If you have a degree in biochemistry or a related subject and have excellent analytical and communication skills, consider a career as a clinical scientist specialising in biochemistry

As a clinical scientist working in biochemistry you'll analyse samples taken from patients' blood, urine or other bodily fluids to help with the diagnosis, management and treatment of diseases.

Often based in a hospital laboratory, you'll interpret and validate the results of these samples and advise clinicians and GPs on the correct use of tests and any necessary follow up investigations.


As a clinical scientist working in biochemistry you'll need to:

  • plan and organise work in clinical biochemistry laboratories, much of which is automated and computer assisted
  • carry out analyses on specimens of body fluids and tissues
  • perform clinical validation by checking abnormal results and deciding if further tests are necessary
  • audit the use and diagnostic performance of tests
  • identify and resolve any poor analytical performance problems
  • develop new and existing tests, which can involve significant manual expertise
  • devise and conduct basic or applied research
  • write reports and funding bids
  • liaise with clinical and healthcare staff, and have some contact with patients
  • apply your clinical biochemistry skills to prevent disease and keep patients healthy.

As your career progresses you're likely to:

  • train and mentor staff, supervise MSc students and give lectures to medical undergraduates
  • submit bids for funding
  • undertake clinical research
  • manage a clinical biochemical laboratory.


  • Jobs in the NHS are usually covered by the Agenda for Change (AfC) pay rates consisting of nine pay bands. Trainee clinical scientists are usually employed at Band 6, starting at £28,050.
  • Once qualified, you're likely to be employed on Band 7 (£33,222 to £43,041).
  • Salaries for principal and consultant scientists range from £42,414 (Band 8) to £102,506 (Band 9), depending on your experience and training.

Those working in London and the surrounding areas may receive a high-cost area supplement of between 5% and 20% of their basic salary.

Salary levels for clinical scientists working for private companies, universities, government bodies and other organisations may vary.

Income figures are intended as a guide only.

Working hours

You'll usually work a 37.5 hour week, although you may be required to work a shift pattern, including weekends and nights.

Part-time work is possible.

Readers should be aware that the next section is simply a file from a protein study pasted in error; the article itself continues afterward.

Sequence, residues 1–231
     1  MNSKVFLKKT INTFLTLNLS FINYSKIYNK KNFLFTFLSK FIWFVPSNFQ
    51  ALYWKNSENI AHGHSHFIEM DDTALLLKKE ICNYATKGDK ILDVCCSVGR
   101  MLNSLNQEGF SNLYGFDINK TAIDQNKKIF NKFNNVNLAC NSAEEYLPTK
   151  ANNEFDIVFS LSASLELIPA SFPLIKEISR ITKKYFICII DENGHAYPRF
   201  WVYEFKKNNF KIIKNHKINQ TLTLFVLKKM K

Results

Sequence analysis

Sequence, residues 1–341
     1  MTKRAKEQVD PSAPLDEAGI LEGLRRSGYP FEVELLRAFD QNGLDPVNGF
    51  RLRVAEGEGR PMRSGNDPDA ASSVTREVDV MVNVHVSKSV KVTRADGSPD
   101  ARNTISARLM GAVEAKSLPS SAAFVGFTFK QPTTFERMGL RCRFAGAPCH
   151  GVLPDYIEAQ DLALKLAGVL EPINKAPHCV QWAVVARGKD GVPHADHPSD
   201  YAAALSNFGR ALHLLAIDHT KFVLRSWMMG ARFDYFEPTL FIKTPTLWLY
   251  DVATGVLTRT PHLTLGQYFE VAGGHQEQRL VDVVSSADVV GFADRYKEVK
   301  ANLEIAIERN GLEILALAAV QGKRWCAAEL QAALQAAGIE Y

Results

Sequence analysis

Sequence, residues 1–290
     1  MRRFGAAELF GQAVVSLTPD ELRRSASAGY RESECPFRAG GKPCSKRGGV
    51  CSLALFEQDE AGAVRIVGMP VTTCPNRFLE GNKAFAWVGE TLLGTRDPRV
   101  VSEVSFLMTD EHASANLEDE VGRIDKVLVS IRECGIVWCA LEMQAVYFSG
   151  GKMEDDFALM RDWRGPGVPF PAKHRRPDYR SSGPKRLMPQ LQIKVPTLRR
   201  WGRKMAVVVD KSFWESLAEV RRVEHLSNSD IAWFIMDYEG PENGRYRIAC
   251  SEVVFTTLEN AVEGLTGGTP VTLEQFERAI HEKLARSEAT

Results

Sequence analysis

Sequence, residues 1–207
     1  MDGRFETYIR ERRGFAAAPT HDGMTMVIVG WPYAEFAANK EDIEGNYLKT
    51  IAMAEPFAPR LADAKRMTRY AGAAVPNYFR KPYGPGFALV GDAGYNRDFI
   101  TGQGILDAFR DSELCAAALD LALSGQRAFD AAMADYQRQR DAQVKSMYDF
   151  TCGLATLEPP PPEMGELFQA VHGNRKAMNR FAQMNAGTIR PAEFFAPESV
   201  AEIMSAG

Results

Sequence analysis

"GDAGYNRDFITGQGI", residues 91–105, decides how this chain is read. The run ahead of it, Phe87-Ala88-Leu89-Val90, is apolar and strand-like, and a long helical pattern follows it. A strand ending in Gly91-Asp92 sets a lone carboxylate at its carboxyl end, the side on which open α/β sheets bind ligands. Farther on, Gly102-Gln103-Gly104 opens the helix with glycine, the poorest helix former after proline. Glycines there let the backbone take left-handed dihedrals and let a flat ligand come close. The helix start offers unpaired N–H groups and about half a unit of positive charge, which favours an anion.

What to expect

  • Work usually takes place in a hospital laboratory, although you may also be based at the point of care, for example in clinics and operating theatres.
  • You'll work as part of a team with other healthcare professionals such as pathologists, biomedical scientists and other clinicians, including GPs.
  • Jobs are available in most areas of the UK, particularly in large and medium-sized hospitals. During training, there's an opportunity to experience work in a variety of different hospital laboratories.
  • As more laboratories merge, you may have to travel between hospitals, but you won't usually need to stay away overnight.


To become a clinical scientist working in biochemistry, you'll need a degree in a life sciences subject such as biochemistry, biology, microbiology, biomedical sciences or genetics. You can then apply for a place on the NHS Scientist Training Programme (STP) to train as a clinical scientist.

Entry on to the STP is competitive and you'll need a first or 2:1 degree, or a 2:2 with a relevant Masters or PhD. Evidence of research experience (for example, through a relevant Masters or PhD) is also desirable.

The STP is a three-year, full-time, workplace-based training programme, during which you'll be employed in a fixed-term salaried post in clinical biochemistry. The first year of training is spent on rotation in a range of settings before specialising in years two and three. Training includes study for an approved and accredited Masters degree in blood sciences with a specialism in clinical biochemistry.

Apply for a place on the STP via the National School of Healthcare Science (NSHCS) website. Recruitment usually takes place in January, but check the NSHCS website regularly for details. If you already work for the NHS, you can apply to the STP as an internal candidate.